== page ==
As my friends and I have scattered to far corners of the country after graduation to continue our education, join the 9 to 5ers, or (gasp!) get married, the issues of commitment and choices have become so much more magnified. We must choose how to spend our money wisely, we must choose to commit to a profession or discipline of study, or as many are doing, committing to a relationship.
I came out to D.C. not wanting to leave my boyfriend, but knowing that it was right for us to do our own thing for a few years until making an official lifetime commitment. In this time, we are learning about ourselves and about each other, and making choices that affect our present and future together. As friends from school and coworkers get engaged and married, it makes me think about how people show their commitment to each other and to their careers and selves. For instance, I know one couple that is still in college, and when the guy decides to move for a job or grad school, the gal has chosen to follow him. But a good friend of mine has been doing the long-distance thing since almost the moment she met her boyfriend, and is unsure of how to show her commitment to him because she has yet to live in the same city with him or know what it’s like to see her boyfriend everyday, because she chose to follow her dream of moving to D.C. to pursue her career.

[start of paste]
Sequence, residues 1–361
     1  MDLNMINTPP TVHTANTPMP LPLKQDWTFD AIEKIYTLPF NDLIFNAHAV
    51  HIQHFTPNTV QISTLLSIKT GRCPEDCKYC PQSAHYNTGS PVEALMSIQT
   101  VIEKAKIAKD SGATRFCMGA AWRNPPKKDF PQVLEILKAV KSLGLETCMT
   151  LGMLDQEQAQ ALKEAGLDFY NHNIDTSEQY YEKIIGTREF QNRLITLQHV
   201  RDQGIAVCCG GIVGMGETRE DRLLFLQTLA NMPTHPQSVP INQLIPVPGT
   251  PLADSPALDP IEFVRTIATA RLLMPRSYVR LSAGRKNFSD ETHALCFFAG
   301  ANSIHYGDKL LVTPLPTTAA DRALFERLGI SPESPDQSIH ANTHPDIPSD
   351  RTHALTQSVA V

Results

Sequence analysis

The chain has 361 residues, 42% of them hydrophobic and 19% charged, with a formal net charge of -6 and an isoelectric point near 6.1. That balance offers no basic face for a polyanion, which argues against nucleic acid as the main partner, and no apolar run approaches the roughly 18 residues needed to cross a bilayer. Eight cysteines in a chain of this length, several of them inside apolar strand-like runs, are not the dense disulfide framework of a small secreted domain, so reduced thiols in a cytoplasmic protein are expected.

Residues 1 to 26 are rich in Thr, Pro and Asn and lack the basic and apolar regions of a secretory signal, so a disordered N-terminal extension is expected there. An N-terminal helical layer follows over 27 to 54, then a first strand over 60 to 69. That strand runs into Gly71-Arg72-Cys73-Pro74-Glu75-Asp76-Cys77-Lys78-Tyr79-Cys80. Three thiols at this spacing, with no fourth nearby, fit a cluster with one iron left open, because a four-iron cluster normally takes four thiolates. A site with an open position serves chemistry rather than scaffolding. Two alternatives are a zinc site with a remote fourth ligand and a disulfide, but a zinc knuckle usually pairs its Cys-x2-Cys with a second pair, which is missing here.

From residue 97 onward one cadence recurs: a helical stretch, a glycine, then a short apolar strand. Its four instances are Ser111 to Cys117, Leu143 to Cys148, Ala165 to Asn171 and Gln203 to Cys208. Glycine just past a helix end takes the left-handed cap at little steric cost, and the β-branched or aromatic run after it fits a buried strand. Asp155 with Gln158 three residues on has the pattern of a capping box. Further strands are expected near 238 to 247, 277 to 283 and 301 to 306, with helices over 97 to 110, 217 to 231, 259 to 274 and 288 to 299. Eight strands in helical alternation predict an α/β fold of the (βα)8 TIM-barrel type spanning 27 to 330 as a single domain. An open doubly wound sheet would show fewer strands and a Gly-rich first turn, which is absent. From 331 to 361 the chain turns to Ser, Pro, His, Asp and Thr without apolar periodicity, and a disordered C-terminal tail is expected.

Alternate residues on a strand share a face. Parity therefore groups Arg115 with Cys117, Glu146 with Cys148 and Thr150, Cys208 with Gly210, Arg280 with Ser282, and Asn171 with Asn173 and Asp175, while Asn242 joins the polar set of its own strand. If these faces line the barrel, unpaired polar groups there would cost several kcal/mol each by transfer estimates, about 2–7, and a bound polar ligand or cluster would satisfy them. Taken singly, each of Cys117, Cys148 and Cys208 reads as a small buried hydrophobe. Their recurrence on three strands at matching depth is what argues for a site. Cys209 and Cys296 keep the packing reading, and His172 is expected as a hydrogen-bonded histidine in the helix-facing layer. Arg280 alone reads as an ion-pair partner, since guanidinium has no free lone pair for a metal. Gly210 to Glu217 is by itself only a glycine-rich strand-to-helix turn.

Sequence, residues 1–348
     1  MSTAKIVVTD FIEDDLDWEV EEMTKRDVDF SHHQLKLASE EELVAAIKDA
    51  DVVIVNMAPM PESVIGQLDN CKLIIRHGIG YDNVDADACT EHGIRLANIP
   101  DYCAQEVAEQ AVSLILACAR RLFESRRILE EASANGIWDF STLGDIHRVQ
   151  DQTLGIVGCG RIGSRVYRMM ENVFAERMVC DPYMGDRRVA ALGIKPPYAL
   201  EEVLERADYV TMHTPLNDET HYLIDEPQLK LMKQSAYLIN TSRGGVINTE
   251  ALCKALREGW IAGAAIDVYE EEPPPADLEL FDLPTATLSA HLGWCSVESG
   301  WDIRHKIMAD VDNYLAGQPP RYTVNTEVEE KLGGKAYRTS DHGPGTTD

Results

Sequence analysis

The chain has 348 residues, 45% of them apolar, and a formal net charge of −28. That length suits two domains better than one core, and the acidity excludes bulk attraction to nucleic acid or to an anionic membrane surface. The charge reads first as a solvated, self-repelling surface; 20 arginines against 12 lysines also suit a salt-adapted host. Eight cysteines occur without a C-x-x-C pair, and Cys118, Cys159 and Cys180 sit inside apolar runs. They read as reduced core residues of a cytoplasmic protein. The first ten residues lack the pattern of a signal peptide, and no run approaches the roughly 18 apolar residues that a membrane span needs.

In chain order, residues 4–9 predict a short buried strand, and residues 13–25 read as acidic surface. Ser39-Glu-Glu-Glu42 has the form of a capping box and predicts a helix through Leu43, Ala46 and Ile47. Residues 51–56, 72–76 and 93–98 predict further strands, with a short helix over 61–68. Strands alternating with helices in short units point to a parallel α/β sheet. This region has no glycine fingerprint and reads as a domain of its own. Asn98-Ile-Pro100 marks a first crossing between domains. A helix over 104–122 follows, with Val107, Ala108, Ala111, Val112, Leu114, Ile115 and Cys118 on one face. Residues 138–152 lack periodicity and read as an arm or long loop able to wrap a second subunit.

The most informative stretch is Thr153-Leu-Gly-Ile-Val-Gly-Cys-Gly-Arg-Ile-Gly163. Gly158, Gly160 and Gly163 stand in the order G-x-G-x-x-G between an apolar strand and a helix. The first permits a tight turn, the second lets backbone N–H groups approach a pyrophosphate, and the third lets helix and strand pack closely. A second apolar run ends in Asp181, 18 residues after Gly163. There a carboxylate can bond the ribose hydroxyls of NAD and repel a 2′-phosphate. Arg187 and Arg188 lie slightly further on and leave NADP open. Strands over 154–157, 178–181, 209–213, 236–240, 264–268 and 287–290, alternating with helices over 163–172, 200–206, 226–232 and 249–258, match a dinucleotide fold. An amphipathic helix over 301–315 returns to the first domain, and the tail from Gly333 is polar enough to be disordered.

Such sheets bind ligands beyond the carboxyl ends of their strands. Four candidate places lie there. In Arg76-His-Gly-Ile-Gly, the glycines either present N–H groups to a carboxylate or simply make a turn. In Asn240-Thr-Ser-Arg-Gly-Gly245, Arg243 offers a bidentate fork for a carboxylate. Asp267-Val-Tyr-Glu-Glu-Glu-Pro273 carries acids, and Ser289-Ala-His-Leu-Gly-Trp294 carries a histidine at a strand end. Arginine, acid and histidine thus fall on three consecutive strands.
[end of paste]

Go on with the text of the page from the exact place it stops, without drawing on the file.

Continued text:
Neither of these instances are right or wrong, I just like to take a step back and compare the two, as well as compare them to myself. One of the things that happens when you are in a commitment with someone is that you have to learn when you can change them and when you can’t, and what you have to accept and what is a deal-breaker. Living alone for a few years as I am now will help me to become more accepting of change, of flexibility, and of occasional chaos. When you don’t know when you will see someone next, or what the next few years will bring, you learn to let things go that you can’t control. It’s a tough process.
And then there are the more trivial commitments that people make, such as my never-ending quest to keep a consistent exercise schedule and eat healthy for more than a couple weeks in a row. It takes 21 days to make a habit, but only one day to break one. Boy, does that ring true for me. But in the end, it’s all about commitment, and what it means to you. If it’s not important enough to you, you won’t follow through- whether it’s working out, doing your job, or maintaining a relationship.
What are you committed to? What choices have you made to show it?